Thank-you notes from elementary students to their career day speakers give great laughs:
“Thank you for speaking to our class, standing up to alot of people and dealing with all that pressure.” (Ha. What pressure? Your class has like 25 students, and career day isn’t scary. It just isn’t)
“Thank you for telling us about your job and being honest. Every job gets boring!” (So true, kid. So true.)
On the other hand, “Dear Soldier” letters from young scout troop members show the emotional side of kids’ writing.
Only kids can write things like the messages in the book “Dear Soldier: Heartfelt Letters from America’s Children,” messages that say things like, “Try not to get hurt, ok?” or “Whoever gets this letter, please don’t die.”
Well, anyone can write those words, but only kids can write them without seeming condescending, or worse, morbidly sarcastic.
Only kids can ask the questions that are really on their minds about military life to complete strangers receiving their letters. Queries like “What’s the food like?” “How do you shower?” or “Do you ever get to listen to music?” seem too silly to be true coming from anyone older than about 12.
It must be something about a child’s perspective – or lack of a broader perspective past themselves, their routine, their school and family and friends. Kids don’t stop and think “It might be kinda weird if I ask this soldier guy how he takes a shower.” They just write the dang question. And they surely make a soldier laugh.
But when a twenty-something writer like myself sits down around Veterans Day to pen a “Dear Soldier” letter, well, let’s just say it didn’t get past “Dear Soldier.”
I started having all these doubts and they stop me from finding the right words. That’s why I wish, even with my college education and a few years of professional writing under my belt, for the ability to write like a child. At times, all I want is sincerity, and the humor or sadness it brings. But all I can get is insecurity, and resulting in indecisiveness and hesitation.
With their elementary word choice, large and sloppy handwriting, random capitalization and childish tone, the kid writers of the world convey with their messages with compelling honesty. Whether it’s a message thanking a career day speaker for admitting their job sucks at times, or a letter thanking a soldier, sailor or Marine for sacrificial service, kids get to the heart of the message, the sincerity. And sincerity in our words is something we all should strive for – no matter our age.
“When I grow up …”
Is that a phrase we’ll ever stop saying?
It’s the ultimate dreamer’s introduction to a grand picture of life at a later time when factors like age and money no longer hold us back and we finally get to do something amazing.
When I grow up, I want to be … “A balloon lady.”
That literally was how I answered the question the first time it was posed to me. Somewhere in my elementary school memorabilia, I have a hand-drawn, life-size outline of my body colored into a kid-sized version of a balloon lady to prove it.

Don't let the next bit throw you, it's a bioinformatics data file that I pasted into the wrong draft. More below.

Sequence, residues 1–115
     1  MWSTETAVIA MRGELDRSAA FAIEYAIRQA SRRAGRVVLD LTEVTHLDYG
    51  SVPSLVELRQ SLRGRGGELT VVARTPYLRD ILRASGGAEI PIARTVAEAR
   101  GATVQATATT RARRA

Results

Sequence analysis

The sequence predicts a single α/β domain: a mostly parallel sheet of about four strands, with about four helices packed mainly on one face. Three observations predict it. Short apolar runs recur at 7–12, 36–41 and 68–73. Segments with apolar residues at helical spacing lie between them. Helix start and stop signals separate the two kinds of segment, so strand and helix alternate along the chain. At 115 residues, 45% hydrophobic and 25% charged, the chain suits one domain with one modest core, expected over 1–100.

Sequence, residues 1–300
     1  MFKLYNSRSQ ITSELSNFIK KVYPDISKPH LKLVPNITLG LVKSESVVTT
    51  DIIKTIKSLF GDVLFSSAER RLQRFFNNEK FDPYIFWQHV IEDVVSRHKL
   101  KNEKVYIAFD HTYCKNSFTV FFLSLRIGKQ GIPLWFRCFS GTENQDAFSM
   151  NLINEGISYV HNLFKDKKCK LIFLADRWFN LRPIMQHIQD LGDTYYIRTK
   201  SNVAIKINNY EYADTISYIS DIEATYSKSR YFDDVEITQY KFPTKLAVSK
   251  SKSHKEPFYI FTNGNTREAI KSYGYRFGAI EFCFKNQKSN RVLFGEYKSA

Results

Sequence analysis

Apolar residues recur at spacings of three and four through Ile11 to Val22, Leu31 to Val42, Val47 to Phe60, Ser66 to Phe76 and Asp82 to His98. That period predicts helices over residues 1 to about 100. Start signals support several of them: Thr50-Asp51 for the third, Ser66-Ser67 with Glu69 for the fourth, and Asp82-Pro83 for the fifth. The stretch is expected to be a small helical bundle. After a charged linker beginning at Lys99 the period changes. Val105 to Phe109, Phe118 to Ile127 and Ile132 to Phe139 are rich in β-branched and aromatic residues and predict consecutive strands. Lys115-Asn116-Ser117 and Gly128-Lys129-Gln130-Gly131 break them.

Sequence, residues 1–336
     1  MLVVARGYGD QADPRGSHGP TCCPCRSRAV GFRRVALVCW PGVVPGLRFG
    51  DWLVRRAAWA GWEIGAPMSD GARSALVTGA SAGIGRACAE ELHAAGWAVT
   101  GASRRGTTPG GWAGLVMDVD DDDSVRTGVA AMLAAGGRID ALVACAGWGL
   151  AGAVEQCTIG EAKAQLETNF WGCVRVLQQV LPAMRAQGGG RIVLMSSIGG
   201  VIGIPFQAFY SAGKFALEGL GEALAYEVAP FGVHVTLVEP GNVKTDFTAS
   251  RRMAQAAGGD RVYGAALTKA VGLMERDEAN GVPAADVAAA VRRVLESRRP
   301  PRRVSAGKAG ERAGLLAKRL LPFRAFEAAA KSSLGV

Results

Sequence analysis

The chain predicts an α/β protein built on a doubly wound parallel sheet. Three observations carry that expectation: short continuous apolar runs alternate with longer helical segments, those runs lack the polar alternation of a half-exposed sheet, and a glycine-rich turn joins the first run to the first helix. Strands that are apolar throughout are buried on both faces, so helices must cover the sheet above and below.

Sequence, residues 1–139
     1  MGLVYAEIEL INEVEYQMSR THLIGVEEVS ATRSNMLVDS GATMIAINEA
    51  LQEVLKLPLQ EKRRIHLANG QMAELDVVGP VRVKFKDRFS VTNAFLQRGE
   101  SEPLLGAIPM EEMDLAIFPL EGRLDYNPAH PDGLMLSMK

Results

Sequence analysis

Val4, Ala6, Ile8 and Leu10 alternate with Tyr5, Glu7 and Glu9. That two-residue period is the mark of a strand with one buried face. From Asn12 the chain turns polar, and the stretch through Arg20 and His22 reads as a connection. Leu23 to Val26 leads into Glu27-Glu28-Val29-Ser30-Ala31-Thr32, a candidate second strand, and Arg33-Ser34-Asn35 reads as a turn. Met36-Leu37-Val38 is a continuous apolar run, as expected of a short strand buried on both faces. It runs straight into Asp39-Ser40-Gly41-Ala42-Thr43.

To my defense, I was in kindergarten. The “balloon lady” is more imaginative than literal, and the body outline is colored as only a 5-year-old can. Also to my defense, I didn’t want to work at a card and party store blowing up balloons with helium and turning them into animals for very long. (I don’t even like animals, so I must have quickly realized it wouldn’t be a good fit for me).
I had a brief stint of wanting to be a teacher when I grew up. I think. I can’t even really say for sure, because although I think I said “I want to be a teacher!” a few times, I also think all I really meant is “I love my teacher!” She was Mrs. Johnson, a young, blonde with a name just as common as mine who made learning fun.
I spent all my teenage years wanting to be a journalist “when I grow up,” which makes it odd that I now am a journalist, but I don’t necessarily feel grown up. I’m told that’s how it goes, and that’s how it will continue to go throughout our lives.
“When I grow up” is a magical time we’ll never truly reach, and maybe that’s a good thing. It means we’re always setting goals, always striving for some moment in the future when we’ll outdo ourselves, top our best accomplishments and feel ever so alive.
But the unreachability of the “when I grow up” moment does make the whole statement a bit surreal. And I find it odd that I really don’t know how to answer the growing up question at this point in my life.
As a 5-year-old I could come up with a silly answer, and as an ambitious teenager, I had a quick and sure response that was more like an ultimatum, the driving force in my life – become a journalist, or else! But now, as a twenty-something reporter who’s reached my first “when I grow up” goal and settled into life as that person, I’m stumped.
What do I want to be when I “grow up” from my twenty-something self into who I’ll be in my 30s and beyond?
It’s a question worth asking.